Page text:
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Guest Blog from the Iodine Global Network
Timing matters for healthy iodine nutrition in the development of verbal IQ in babies during pregnancy. Recent studies suggest that, in the first trimester and at least three months prior to conception, pregnant women should consume 150 μg of iodine a day.

CTFP Volume 12 Issue 7

Levie D et al. Association of maternal iodine status with child IQ: a meta-analysis of individual-participant data. J Clin Endocrinol Metab. Epub 2019 Mar 28. PMID: 30920622

In a recent study of 6,180 mother-and-child pairs from the Netherlands, Spain, and the UK, pregnant women with healthy levels of iodine intake (>150 mcg a day) during the first trimester gave birth to newborns with higher verbal IQ than women with a lower iodine intake. This study suggests that healthy levels of iodine, a critical nutrient for production of thyroid hormone, were associated with higher child verbal IQs.

This has serious implications for countries like the U.S., where mild iodine deficiency may be widespread in pregnancy despite evidence that the population as a whole is getting adequate iodine nutrition.

So, how do we make sure women get adequate iodine nutrition and ensure the health and vitality of their newborns?

During pregnancy, iodine is essential for the production of thyroid hormones in both the mother and the baby. Thyroid hormone plays a critical role in growth and development of the baby during pregnancy. Thyroid hormone from the mother crosses the placenta to the baby early in the first trimester, before the baby’s thyroid is functioning. Through its contribution to thyroid hormone production, iodine supports growing baby’s bones, tissues, and brain cells.

While it’s already been established that severe maternal iodine deficiency can lead to lower IQ in the baby, this study revealed that even mild to moderate nutritional deficiency in iodine can impact brain development during pregnancy. And, significantly, iodine intake is critical through the first 14 weeks of pregnancy. Thus, for the developing baby, timing matters. Not only is it critically important in the first trimester, but in the family planning stages – ideally women need adequate iodine intake at least three months before becoming pregnant.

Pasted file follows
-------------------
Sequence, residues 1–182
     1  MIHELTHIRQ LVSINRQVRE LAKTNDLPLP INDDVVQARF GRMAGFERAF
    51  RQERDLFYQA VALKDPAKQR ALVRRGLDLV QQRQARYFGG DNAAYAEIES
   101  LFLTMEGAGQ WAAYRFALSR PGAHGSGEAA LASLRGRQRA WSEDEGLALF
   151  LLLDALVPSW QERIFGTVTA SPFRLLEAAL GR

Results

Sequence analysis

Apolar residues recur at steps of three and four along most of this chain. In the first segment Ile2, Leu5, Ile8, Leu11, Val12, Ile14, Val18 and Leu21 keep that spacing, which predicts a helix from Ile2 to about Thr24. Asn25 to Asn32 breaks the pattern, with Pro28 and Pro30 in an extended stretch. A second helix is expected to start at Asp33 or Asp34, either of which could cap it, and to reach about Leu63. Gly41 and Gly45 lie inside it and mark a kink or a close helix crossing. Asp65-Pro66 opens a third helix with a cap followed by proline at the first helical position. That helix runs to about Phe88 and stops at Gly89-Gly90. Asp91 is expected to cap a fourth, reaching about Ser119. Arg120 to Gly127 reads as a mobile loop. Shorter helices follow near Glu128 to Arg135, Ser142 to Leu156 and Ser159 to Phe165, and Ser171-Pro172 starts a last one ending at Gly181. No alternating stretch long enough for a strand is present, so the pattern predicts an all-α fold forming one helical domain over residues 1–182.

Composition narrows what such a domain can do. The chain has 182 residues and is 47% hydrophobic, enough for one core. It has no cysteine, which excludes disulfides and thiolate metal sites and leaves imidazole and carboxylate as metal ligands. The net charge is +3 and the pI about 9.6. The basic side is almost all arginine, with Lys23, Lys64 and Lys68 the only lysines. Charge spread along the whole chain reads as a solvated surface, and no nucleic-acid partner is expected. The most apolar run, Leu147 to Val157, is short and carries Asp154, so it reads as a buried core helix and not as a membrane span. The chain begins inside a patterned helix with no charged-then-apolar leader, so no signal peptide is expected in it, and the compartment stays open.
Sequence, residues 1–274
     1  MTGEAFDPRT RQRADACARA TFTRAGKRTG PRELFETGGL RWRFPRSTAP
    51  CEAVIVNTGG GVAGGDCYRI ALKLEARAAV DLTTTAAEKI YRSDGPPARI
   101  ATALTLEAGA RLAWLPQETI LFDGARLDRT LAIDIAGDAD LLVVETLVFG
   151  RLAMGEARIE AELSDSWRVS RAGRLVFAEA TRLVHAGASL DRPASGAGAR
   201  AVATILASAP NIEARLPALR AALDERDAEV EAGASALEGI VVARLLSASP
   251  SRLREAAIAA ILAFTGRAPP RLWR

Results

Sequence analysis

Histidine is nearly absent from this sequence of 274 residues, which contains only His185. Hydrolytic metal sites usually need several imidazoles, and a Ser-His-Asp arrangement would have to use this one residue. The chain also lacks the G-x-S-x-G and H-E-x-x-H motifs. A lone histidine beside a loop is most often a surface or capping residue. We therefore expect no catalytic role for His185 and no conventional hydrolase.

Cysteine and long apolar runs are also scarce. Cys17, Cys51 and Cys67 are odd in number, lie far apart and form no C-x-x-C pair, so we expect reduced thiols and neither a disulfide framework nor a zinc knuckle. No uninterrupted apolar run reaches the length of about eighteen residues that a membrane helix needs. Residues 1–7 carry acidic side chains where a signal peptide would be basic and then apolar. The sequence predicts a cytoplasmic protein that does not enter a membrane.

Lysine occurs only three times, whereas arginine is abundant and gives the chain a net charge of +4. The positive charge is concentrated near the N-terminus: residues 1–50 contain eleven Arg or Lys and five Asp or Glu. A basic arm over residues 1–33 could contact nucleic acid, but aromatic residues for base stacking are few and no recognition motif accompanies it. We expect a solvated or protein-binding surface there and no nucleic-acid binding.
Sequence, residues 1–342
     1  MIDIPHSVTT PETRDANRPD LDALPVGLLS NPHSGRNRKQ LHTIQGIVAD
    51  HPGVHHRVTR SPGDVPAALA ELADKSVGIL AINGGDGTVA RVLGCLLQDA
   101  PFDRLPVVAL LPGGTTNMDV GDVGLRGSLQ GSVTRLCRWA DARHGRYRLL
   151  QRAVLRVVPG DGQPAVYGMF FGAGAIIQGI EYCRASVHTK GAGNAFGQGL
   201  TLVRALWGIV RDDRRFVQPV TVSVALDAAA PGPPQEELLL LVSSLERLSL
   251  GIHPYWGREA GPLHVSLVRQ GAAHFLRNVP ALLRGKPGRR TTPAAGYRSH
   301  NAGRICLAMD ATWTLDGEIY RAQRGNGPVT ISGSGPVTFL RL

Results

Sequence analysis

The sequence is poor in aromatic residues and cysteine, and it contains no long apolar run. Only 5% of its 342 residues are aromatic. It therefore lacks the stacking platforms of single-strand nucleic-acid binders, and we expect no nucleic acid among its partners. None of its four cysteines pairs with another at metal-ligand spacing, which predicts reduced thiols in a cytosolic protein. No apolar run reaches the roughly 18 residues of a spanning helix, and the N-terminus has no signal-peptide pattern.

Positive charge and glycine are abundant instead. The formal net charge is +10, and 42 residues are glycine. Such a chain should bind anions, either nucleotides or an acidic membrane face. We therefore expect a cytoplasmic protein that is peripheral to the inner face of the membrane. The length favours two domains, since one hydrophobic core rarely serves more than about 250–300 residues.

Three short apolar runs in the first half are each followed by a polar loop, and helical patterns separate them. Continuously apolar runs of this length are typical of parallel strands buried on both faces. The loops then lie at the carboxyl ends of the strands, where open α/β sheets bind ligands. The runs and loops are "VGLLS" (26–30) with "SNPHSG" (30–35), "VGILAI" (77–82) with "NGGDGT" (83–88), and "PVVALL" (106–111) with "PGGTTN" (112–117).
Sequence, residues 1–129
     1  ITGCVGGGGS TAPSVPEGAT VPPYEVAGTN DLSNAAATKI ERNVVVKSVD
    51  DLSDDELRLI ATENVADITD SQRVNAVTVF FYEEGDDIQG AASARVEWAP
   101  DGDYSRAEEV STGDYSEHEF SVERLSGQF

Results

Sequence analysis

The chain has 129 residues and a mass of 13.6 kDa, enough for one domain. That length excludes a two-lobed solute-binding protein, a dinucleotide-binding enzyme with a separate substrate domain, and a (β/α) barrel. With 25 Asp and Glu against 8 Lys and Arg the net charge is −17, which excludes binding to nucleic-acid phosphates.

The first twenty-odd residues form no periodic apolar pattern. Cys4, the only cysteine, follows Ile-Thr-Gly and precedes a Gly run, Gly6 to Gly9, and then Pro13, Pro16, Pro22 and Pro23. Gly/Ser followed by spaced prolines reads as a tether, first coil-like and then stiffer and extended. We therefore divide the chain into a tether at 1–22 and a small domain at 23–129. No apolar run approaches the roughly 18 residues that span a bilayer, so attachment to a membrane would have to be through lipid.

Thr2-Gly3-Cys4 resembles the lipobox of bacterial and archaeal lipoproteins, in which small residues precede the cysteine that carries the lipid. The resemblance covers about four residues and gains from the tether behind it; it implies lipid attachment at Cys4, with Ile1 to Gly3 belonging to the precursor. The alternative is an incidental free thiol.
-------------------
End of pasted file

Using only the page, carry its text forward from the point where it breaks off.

Compounding the challenges is that the U.S. is missing an opportunity to protect future generations through the foods we already eat. Unlike nearly two-thirds of the countries in the world, the U.S. does not mandate fortification of salt with iodine. Globally, many pregnant women now consume healthy amounts of iodine through this simple, effective and population scalable intervention: universal salt iodization.

This is the focus of the Iodine Global Network’s advocacy, and has led to a drastic decline globally in iodine deficiency disorder, which can have debilitating and life-long affects for newborns, including brain impairment and stunted growth.

For pregnant and breast-feeding women in the U.S., the American Thyroid Association and the American Academy of Pediatrics recommends supplementing a healthy diet with 150 μg of iodine a day to support healthy growth. This should protect pregnant women and their children from the effects of iodine deficiency, but it is not the ideal long-term solution for the U.S. population, since not all pregnancies are planned and not all pregnant women are aware of this advice.

At the Iodine Global Network we’ll continue to advocate for the U.S. to mandate iodized salt, even as we urge consumers to choose iodized salt, and dispel some of the myths around non-iodized salt. In the meantime I’ll be advising my fellow clinicians to recommend that U.S. patients who are planning pregnancy, pregnant, or lactating supplement with iodine for healthier newborns.


— Elizabeth Pearce, MD
President, American Thyroid Association, Regional Coordinator,
North American for the Iodine Global Network